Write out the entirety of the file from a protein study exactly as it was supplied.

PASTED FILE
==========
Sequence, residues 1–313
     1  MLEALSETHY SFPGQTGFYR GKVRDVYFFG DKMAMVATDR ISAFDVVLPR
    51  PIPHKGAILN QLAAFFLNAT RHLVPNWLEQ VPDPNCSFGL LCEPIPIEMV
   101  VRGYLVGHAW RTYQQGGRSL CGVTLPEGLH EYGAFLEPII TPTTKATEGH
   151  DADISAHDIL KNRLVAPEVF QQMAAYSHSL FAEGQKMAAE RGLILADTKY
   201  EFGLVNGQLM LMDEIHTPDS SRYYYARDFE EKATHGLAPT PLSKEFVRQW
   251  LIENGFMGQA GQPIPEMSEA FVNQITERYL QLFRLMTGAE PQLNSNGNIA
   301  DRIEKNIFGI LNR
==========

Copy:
Sequence, residues 1–313
     1  MLEALSETHY SFPGQTGFYR GKVRDVYFFG DKMAMVATDR ISAFDVVLPR
    51  PIPHKGAILN QLAAFFLNAT RHLVPNWLEQ VPDPNCSFGL LCEPIPIEMV
   101  VRGYLVGHAW RTYQQGGRSL CGVTLPEGLH EYGAFLEPII TPTTKATEGH
   151  DADISAHDIL KNRLVAPEVF QQMAAYSHSL FAEGQKMAAE RGLILADTKY
   201  EFGLVNGQLM LMDEIHTPDS SRYYYARDFE EKATHGLAPT PLSKEFVRQW
   251  LIENGFMGQA GQPIPEMSEA FVNQITERYL QLFRLMTGAE PQLNSNGNIA
   301  DRIEKNIFGI LNR